One of the most pertinent analytic and practical questions of our time appears again to be formed as a problematization of being attached to, while still resisting, the cruel allure of heteronormativity. How can one escape (re)producing toxic norms, which are part and parcel of a heterosexual culture, without acknowledging that these are attached to elicited promises of obtaining privileges necessary not only for survival but also for all those material, affective, and bodily desires integral to securing safety, comfort, love, and happiness, that is, a “good” life? The unavoidable fantasy of making “it,” even when (purposely or not) failing in “it,” appears to me to be the inescapable focus of all the articles in this studious edited volume. But what is this “it” exactly, or else what does heteronormativity entail?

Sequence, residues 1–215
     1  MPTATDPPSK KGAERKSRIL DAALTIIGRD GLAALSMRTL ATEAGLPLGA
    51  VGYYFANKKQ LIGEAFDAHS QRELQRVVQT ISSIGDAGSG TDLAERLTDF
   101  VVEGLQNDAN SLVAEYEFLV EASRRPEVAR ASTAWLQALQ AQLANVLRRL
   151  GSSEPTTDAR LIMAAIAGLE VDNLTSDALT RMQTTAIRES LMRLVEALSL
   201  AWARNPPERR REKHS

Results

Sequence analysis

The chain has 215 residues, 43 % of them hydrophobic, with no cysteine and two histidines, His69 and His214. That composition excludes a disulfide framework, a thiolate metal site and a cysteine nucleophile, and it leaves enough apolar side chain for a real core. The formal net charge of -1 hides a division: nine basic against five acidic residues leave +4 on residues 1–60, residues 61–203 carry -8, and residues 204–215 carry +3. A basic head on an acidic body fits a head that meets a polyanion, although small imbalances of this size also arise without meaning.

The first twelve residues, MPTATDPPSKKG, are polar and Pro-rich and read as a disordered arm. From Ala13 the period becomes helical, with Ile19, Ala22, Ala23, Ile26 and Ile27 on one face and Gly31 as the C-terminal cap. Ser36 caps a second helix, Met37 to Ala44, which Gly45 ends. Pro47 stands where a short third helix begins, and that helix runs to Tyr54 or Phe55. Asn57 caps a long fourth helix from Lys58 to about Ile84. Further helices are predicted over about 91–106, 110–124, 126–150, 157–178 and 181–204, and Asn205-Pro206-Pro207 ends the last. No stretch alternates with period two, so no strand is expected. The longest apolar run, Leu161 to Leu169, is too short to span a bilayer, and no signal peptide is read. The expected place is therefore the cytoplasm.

From its outset, Sertaç Sehlikoglu and Frank G. Karioris’s volume warns readers about the tacit yet tangible effects and...

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